Application service Ucas said 17,610 people aged 18 had applied by June 30, a rate of 32.7 per cent, down a marginal 0.1 percentage point on 2018.
The Scottish rate is now the lowest in the UK, with England and Wales both recording increases to 39.5 per cent and 32.9 per cent respectively.
In Northern Ireland, the rate dropped marginally to 46.9 per cent.
Overall, applicants of all ages in Scotland fell 3 per cent in the year to 47,110, with Northern Ireland down 4 per cent, Wales falling 2 per cent and England dropping 1 per cent.
For the first time, applicant figures were broken down by areas of deprivation.
In Scotland, 18-year-old applicants from the most deprived areas have risen by 3 per cent, while in England they increased 6 per cent.
The measures used differ between the two countries, however, with the Scottish Index of Multiple Deprivation (SIMD) used north of the border and Participation of Local Areas (Polar) used in England.
When Polar figures are used for all countries, applications from 18-year-olds from the most deprived areas in Scotland have fallen 2 per cent, while Wales and Northern Ireland are both down 3 per cent.
An SIMD figure is not produced outside of Scotland.
The Scottish Conservatives said the figures indicate progress in Scotland for young people from most deprived areas accessing university is "half the pace of elsewhere".
Higher Education Minister Richard Lochhead claimed the Tories' interpretation of the figures was "totally misleading".
Scottish Conservative education spokeswoman Liz Smith said: "This report shows clearly that while some progress is being made in Scotland in relation to young people accessing university from the most deprived areas, the progress is half the pace of elsewhere.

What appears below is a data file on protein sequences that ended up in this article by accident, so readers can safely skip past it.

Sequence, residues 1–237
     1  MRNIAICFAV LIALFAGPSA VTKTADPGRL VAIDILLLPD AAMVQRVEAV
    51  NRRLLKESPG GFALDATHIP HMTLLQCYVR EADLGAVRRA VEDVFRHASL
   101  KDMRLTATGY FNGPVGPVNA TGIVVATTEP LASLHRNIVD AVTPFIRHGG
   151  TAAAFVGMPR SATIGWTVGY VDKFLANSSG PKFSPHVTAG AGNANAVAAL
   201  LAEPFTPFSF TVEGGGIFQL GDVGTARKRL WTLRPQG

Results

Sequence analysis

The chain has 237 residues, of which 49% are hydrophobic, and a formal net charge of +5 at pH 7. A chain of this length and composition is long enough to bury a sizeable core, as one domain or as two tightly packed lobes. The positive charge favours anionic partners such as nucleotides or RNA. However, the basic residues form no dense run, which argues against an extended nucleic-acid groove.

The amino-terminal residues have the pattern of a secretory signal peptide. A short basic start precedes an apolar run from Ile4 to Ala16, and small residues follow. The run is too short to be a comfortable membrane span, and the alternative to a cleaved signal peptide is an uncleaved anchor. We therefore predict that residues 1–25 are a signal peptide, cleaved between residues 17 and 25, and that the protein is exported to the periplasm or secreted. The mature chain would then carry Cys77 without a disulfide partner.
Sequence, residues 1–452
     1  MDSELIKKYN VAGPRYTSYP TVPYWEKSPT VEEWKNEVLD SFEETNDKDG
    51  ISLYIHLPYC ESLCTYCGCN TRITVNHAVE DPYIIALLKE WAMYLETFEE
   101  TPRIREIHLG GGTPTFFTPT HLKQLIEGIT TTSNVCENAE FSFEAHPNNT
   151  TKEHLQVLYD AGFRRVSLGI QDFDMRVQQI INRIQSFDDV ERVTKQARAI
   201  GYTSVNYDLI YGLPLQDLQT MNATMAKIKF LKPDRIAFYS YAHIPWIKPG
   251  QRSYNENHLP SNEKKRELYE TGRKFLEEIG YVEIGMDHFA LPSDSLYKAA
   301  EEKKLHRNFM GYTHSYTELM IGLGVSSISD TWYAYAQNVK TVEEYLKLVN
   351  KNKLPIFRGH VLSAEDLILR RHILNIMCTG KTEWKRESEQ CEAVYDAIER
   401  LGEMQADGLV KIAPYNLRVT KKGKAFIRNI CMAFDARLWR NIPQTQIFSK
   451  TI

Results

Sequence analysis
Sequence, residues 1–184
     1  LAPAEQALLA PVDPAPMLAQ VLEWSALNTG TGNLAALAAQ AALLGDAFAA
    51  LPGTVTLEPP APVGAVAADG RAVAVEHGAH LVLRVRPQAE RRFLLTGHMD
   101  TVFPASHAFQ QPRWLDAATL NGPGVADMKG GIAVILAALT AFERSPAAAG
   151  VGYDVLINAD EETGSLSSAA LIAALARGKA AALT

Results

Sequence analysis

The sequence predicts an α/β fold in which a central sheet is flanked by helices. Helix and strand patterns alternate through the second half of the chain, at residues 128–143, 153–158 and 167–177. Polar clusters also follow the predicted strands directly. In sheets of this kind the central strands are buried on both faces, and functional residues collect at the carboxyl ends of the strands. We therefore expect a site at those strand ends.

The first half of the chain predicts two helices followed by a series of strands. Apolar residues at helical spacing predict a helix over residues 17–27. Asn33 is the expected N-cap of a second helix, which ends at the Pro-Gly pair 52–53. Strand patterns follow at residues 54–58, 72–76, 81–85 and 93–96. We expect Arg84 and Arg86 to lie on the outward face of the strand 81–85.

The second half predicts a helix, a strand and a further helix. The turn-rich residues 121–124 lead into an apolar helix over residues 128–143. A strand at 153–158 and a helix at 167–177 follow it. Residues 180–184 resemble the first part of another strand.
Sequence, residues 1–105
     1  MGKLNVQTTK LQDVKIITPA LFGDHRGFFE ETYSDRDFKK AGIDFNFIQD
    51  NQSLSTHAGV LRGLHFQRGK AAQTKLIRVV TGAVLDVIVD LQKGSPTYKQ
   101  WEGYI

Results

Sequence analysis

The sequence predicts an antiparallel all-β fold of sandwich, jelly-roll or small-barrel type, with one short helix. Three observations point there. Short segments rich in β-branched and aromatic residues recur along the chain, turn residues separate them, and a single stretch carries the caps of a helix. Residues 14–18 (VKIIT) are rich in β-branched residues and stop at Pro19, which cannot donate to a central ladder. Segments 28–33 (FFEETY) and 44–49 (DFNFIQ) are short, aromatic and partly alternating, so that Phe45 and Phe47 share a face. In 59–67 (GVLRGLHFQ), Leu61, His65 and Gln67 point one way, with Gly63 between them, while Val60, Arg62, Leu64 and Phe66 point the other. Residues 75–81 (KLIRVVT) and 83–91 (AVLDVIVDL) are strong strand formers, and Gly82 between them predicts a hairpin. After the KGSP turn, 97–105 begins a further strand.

"That partly reflects the better availability of bursary support in England and the fact that there is greater confidence among young people from deprived backgrounds to apply for a place than is currently the case in Scotland.
"This is yet another stark message for the SNP that the focus for improving the situation north of the border should be on school education - specifically narrowing the attainment gap - rather than on artificial targets for SIMD quotas within universities."
Higher Education Minister Richard Lochhead said: "These claims are totally misleading.
"Figures for the most deprived areas for Scotland and England are not fully comparable.
"As Ucas point out, the number of applicants for full-time higher education provided in Scottish colleges is not included so the statistics do not provide a full or accurate picture for widening access in Scotland."
He highlighted last month's report from the Commissioner for Fair Access, who said Scotland is now "setting the pace in the UK in terms of widening participation, with more rapid improvement in the opportunities for young people from socially deprived backgrounds to go to university than any other UK nation".
Mr Lochhead welcomed the continuing increase in students from the most deprived areas applying to university and said the Scottish Government is committed on access being based on the ability to learn, not to pay.